(4)           Subject to the other provisions of this Act a Special court for the purpose of trial of any offence, have all the powers  of a Court of Session and shall follow the procedure prescribed in the Code for the trial of warrant cases by the Magistrate.  

 

(5)           Subject to the other provisions of this Act every case transferred to a Special court under sub-section (3) of Section 7 shall be dealt with as if such case had been transferred under Section 406 of the Code to such Special Court.   

 

11.          Protection of witnesses. (1) Notwithstanding anything contained in the Code all proceedings before a Court trying an offence under this Act shall be conducted in camera:

                Provided that where the Public prosecutor so applies, any proceedings or part thereof  may be held in open Court.

 

(2)           Such court may, on an application made by a witness in any proceedings before it or by the public prosecutor in relation to such witness or on its own motion take such measures as it deems fit for keeping the identity and address of the witness secret.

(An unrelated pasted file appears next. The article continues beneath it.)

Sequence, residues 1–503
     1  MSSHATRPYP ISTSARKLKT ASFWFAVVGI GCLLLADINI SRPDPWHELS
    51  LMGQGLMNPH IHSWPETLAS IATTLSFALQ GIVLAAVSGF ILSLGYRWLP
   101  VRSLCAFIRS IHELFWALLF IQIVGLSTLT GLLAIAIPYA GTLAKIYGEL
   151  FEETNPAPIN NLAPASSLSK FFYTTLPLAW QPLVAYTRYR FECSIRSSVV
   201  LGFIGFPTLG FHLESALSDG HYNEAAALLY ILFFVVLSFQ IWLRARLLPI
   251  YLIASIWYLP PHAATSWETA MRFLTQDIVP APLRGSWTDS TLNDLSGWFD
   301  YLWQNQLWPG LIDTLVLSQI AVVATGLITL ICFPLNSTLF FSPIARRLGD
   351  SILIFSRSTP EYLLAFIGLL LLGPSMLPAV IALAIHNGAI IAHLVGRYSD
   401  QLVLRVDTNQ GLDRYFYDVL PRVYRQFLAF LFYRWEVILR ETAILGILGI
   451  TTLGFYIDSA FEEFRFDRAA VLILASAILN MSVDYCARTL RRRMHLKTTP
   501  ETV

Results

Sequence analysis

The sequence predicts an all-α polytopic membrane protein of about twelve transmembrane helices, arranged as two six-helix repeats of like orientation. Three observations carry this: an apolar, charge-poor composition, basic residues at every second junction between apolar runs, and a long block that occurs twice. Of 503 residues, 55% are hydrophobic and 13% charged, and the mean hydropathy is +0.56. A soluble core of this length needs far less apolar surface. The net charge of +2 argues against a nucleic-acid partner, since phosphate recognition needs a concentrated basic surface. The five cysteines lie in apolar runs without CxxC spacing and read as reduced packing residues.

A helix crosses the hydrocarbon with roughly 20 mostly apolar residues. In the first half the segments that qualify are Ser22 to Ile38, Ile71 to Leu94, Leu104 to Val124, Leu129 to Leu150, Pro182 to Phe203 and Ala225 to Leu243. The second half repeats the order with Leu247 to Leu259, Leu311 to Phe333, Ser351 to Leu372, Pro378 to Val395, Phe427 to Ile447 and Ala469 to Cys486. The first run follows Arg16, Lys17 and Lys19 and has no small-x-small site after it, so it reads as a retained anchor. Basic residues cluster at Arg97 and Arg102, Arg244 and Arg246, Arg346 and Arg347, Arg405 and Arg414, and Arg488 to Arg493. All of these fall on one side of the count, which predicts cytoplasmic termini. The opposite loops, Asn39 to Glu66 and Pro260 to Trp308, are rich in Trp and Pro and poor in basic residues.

(3)           In particular and without prejudice to the generality of the provisions of sub-section (2) the measures which such Court may take under that sub-section may include: -

                (a) the voiding of the mention of the names and addresses of the witnesses in its orders or judgment or in any records of the case accessible to public;  

 

                (b) the issuing of any direction for securing that the identity and  addresses of the witnesses are not disclosed .  

 

(4)           Any person who contravenes any direction issued under sub-section (3) shall be punishable with imprisonment for a term which may extend to one year and with fine which may extend to one thousand rupees.